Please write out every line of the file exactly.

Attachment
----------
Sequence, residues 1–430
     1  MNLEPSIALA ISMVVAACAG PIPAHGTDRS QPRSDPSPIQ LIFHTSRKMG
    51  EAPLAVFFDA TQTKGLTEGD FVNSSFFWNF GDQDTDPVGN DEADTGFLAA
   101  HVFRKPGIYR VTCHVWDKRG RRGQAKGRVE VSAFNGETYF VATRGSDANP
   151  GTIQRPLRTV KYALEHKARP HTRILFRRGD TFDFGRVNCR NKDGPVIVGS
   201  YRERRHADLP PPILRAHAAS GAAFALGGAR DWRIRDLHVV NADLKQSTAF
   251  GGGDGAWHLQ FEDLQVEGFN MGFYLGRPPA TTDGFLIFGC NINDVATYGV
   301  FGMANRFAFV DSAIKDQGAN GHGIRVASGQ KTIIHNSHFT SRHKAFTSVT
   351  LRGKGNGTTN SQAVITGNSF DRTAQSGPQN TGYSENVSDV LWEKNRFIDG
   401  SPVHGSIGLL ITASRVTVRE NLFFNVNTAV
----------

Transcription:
Sequence, residues 1–430
     1  MNLEPSIALA ISMVVAACAG PIPAHGTDRS QPRSDPSPIQ LIFHTSRKMG
    51  EAPLAVFFDA TQTKGLTEGD FVNSSFFWNF GDQDTDPVGN DEADTGFLAA
   101  HVFRKPGIYR VTCHVWDKRG RRGQAKGRVE VSAFNGETYF VATRGSDANP
   151  GTIQRPLRTV KYALEHKARP HTRILFRRGD TFDFGRVNCR NKDGPVIVGS
   201  YRERRHADLP PPILRAHAAS GAAFALGGAR DWRIRDLHVV NADLKQSTAF
   251  GGGDGAWHLQ FEDLQVEGFN MGFYLGRPPA TTDGFLIFGC NINDVATYGV
   301  FGMANRFAFV DSAIKDQGAN GHGIRVASGQ KTIIHNSHFT SRHKAFTSVT
   351  LRGKGNGTTN SQAVITGNSF DRTAQSGPQN TGYSENVSDV LWEKNRFIDG
   401  SPVHGSIGLL ITASRVTVRE NLFFNVNTAV